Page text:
The PT uniform is reflective. You don’t need the belt.
The media is not the enemy. They are going to report whether you choose to engage with them or not. You will for certain lose if you shut them out.
I can do it quick. I can do it right. You have to accept the fact that sometimes it is one or the other and no amount of screaming, crying, and curse words is going to change that fact.
You can take a Soldier’s pay and rank and still recover a relationship with them. Take away their dignity and you have lost him/her forever.
Everybody turns into who they really are on deployments and CTC rotations. You can fake it when you’re in garrison, but you can’t hide in the field.
I am absolutely certain that there was one unit which I was the worst officer in the formation. It was the best and most educational/motivating experience I ever had.
If you spend long enough in the Army, you will become socially retarded, incapable of not speaking about the Army or feeling truly comfortable unless there is another military person there to converse. Live off post and hang out with civilians if you can.
Take care of your family. You aren’t indispensable and the Army will carry on without you when you are gone. Your family will be what you have left.
If you are not continuing your education while in the Army or using your GI Bill when you are out, you are a fool.
You owe it to your family to let them know what you do rather than shield them from it. It is unfair for them to have to deal with your ‘issues’ and stressors without knowing why they are occuring.
If you aren’t a natural yeller, than don’t fake it. You’ll just look stupid.
The best leadership style you can adopt is one that builds on what is already there inside of you while mitigating the negative.
Believe whatever you want to believe, but never forget that you’re in an organization with guaranteed paychecks and annual raises, guaranteed healthcare for you and your family, subsidized housing and utilities, thirty paid vacation days a year and generous retirement. Consider that before expressing opinions about people and situations outside the organization.
Serving in the Army is a privilege, not a right.
I rather go to war with enthusiastic Lieutenants than jaded Captains. I did and it was the best tour I had downrange.
Tattoos, long hair and rumpled uniforms say little about the worth of a particular soldier and you should remember that before forming an opinion.
Before you go too far with the above, first impressions matter. Some people will never give you a second chance.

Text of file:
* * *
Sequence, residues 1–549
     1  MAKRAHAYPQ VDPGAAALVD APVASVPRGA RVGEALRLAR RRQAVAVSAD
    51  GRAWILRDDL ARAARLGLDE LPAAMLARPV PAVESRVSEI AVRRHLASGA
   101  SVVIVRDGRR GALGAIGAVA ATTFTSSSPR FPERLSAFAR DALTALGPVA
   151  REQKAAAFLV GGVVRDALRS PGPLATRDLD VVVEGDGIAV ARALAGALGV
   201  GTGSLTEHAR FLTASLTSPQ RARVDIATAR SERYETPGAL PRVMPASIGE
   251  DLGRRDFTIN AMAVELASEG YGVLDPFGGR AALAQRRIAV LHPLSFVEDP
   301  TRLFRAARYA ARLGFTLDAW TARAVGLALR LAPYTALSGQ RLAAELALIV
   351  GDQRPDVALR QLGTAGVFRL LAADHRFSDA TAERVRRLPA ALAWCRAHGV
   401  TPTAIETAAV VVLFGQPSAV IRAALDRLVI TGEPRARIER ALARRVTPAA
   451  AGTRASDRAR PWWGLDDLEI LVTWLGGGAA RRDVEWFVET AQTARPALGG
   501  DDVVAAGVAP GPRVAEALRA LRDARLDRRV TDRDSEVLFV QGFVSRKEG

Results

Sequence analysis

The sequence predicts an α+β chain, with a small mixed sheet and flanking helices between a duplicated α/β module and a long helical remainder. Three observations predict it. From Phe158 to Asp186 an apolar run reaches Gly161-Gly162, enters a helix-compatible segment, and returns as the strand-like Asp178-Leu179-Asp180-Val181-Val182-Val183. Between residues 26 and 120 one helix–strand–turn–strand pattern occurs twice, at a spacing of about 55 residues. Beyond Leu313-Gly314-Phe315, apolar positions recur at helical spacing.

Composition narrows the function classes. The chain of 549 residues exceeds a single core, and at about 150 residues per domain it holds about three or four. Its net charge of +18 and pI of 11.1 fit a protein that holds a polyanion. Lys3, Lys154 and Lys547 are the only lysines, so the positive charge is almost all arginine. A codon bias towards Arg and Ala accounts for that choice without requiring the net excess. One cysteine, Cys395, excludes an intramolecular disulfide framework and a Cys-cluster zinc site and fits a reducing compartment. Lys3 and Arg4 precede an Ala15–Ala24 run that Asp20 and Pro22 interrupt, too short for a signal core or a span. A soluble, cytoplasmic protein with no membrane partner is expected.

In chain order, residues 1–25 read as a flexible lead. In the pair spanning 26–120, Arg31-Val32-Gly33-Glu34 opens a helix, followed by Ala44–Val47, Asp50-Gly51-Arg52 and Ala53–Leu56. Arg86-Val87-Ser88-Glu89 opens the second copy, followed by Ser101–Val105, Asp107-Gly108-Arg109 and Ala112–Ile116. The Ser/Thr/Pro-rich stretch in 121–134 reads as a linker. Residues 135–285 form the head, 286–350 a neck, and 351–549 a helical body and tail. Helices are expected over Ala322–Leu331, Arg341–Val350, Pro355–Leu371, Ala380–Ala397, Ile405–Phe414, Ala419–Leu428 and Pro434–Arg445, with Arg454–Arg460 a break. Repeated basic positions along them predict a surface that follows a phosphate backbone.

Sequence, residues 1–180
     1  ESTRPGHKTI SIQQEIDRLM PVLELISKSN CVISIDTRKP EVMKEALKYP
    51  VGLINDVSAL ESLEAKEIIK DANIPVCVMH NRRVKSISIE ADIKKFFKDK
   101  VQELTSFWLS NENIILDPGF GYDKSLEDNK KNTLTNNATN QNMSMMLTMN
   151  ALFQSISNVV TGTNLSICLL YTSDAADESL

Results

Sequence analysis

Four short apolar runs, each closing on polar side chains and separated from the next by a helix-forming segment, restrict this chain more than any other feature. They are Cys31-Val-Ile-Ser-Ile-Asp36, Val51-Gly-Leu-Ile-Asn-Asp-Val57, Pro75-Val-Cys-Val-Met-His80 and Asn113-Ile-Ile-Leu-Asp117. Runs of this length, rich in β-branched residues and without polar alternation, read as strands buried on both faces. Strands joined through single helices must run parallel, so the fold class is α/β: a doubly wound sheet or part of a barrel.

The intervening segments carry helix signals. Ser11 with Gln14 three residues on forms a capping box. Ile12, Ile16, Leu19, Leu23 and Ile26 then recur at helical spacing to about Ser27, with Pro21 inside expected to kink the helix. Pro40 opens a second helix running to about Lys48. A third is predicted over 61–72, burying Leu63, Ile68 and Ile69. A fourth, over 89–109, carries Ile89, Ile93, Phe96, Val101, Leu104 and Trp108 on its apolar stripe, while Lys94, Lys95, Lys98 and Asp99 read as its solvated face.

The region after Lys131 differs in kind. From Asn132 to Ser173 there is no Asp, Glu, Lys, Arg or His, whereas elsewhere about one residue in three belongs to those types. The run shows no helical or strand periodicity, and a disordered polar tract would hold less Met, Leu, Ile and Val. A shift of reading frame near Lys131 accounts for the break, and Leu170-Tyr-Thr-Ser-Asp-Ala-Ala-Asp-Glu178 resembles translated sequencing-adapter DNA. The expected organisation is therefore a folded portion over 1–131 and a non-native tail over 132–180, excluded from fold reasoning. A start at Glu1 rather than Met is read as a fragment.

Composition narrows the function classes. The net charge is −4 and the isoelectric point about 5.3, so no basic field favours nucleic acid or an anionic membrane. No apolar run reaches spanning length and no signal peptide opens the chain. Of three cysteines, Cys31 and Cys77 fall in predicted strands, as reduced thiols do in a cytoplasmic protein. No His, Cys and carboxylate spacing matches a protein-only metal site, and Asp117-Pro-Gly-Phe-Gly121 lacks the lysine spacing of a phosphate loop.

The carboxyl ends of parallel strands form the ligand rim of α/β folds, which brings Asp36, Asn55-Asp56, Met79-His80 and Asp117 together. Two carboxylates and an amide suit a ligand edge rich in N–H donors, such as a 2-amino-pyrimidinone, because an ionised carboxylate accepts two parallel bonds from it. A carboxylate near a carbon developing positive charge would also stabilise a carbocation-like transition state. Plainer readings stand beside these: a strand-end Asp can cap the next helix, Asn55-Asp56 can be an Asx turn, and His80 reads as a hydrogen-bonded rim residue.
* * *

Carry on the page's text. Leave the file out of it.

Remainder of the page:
First impressions are often wrong, second impressions are almost always right. I have learned to trust that notion.
This isn’t a popularity contest, but your soldiers do have to like you or at least find your presence tolerable. Those that ignore this point generally lead unpleasant and ineffective organizations.
You can be correct, without being right.
Don’t leave the Army without serving on a funeral detail.
Pick your kids up from school in uniform.
Stop trying to brief your Commander and start talking to him/her. You wouldn’t believe how frustrating it can be to want a simple answer or conversation to work something out and you get a long winded brief without a point.
Some of the bravest people I am saw were the NGOs, Reporters and USAID workers that lived in the environment while we lived on FOBs, who went places we weren’t allowed to go.
It isn’t true partnership if you aren’t willing or able to evacuate or treat their casualties.
Tabs, badges, and combat patches tell me what you have done, not what you can do.
Ratings for outstanding soldiers are easy to write; so are ratings for poor soldiers. Ratings for average soldiers are the hardest to write.
Bullet comments and ‘give me the bottom line’ thinking is dangerous. Some things are complex and demand a time investment of reading, studying and dialogue to understand. If you aren’t willing to do it because you ‘don’t have the time’, than you shouldn’t be making the call.
Thousands of acts of battlefield courage can be undone by a single act of intellectual or moral cowardice.
If you aren’t Infantry, you’re support…and that is okay. Infantrymen love support guys who are competent, responsive, and have their backs and do/provide what they cannot.
Know your role and do it. Don’t strap-hang and put yourself in a place you have no business being because you want to be cool or ‘respected’.
I am not particularly patriotic anymore. Too many people that ‘waved the flag’ were nowhere to be found when things went pear-shaped.
As my overt patriotism has declined, love of country has grown. This is our home. It is worth killing for. It is worth dying for.
Chris Otero is an active duty Army officer with a background in combat arms, military intelligence, and special operations. His views are his own and are not a reflection of official U.S. policy. This first appeared in The Havok Journal March 21, 2015.
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